How Much Does Radiant Barrier, Batt & Roll Insulation Cost to Install?

Install Batt, Rolled, or Reflective Insulation Costs
Average reported costs
$1,530
based on 3,487 cost profiles
Most homeowners
spent between
$950 - $2,110
Low cost
$500
High cost
$3,370
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Installing radiant barrier/reflective insulation or batt and roll insulation will depend on many factors. One of the most important might be budget. The average cost to install radiant barrier or batt insulation is between $950 and $2,110 but can vary depending on the size of your space and where you’re having the insulation installed. Whereas radiant barrier is best suited to attics, batt and roll insulation can be great for walls and other tight spaces. It’s important to keep factors like that in mind when choosing between the two. Here are more considerations you should keep in mind before installing one or the other.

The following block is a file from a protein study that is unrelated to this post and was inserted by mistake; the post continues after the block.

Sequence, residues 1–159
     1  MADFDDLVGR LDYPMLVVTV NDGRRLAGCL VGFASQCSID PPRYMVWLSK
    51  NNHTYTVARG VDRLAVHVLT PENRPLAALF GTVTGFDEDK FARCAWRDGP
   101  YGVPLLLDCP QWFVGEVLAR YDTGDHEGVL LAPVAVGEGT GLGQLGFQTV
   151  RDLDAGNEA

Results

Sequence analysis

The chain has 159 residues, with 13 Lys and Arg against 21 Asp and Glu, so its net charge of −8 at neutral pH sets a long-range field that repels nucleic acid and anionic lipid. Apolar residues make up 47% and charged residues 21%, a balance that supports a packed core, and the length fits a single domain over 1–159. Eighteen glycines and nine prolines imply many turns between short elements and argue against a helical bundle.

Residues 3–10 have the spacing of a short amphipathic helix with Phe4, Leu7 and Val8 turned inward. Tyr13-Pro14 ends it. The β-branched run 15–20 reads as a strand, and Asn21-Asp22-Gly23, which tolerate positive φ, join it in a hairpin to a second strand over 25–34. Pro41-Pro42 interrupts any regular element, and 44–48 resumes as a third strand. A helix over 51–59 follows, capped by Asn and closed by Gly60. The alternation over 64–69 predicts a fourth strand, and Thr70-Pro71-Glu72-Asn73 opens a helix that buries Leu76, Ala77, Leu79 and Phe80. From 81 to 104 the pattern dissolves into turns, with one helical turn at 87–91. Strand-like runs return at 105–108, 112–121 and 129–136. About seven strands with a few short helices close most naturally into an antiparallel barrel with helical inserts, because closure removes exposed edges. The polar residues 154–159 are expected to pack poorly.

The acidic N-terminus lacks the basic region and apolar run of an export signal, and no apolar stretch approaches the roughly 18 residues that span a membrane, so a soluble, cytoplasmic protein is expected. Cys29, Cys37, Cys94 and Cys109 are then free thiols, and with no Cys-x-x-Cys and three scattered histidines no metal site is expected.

Radiant Barriers and Reflective Insulation

According to the U.S. Department of Energy, residential radiant barriers are installed in attics for two primary purposes: to help homeowners lower air conditioning costs and to lessen the impact of summer heat. Whether a homeowner or a contractor installs reflective insulation, the cost for this project ranges from inexpensive to moderate.

This type of energy-efficient upgrade consists of a combination of a metal foil installed on an attic's ceiling, over rafters, with radiant barriers. As the sun shines on a home's roof, its radiant energy heats the roof. As the roof warms up, the heat can travel through the home's attic, onto the attic floor and through the attic’s air ducts. When a radiant barrier is installed along with reflective insulation, the barrier helps the roof reflect the sun’s heat, and the insulation slows the progression of any absorbed heat. To maximize cooling efficiency, the system must include an air gap between the reflective surface and the roof’s interior.

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Cost to Install Radiant Barriers and Reflective Insulation

For one-sided standard foil with a measurement of 1,500 square feet, installation costs on average between $300 and $500. A larger and more complex project can cost anywhere between $600 and $2,000, due to increased labor needs.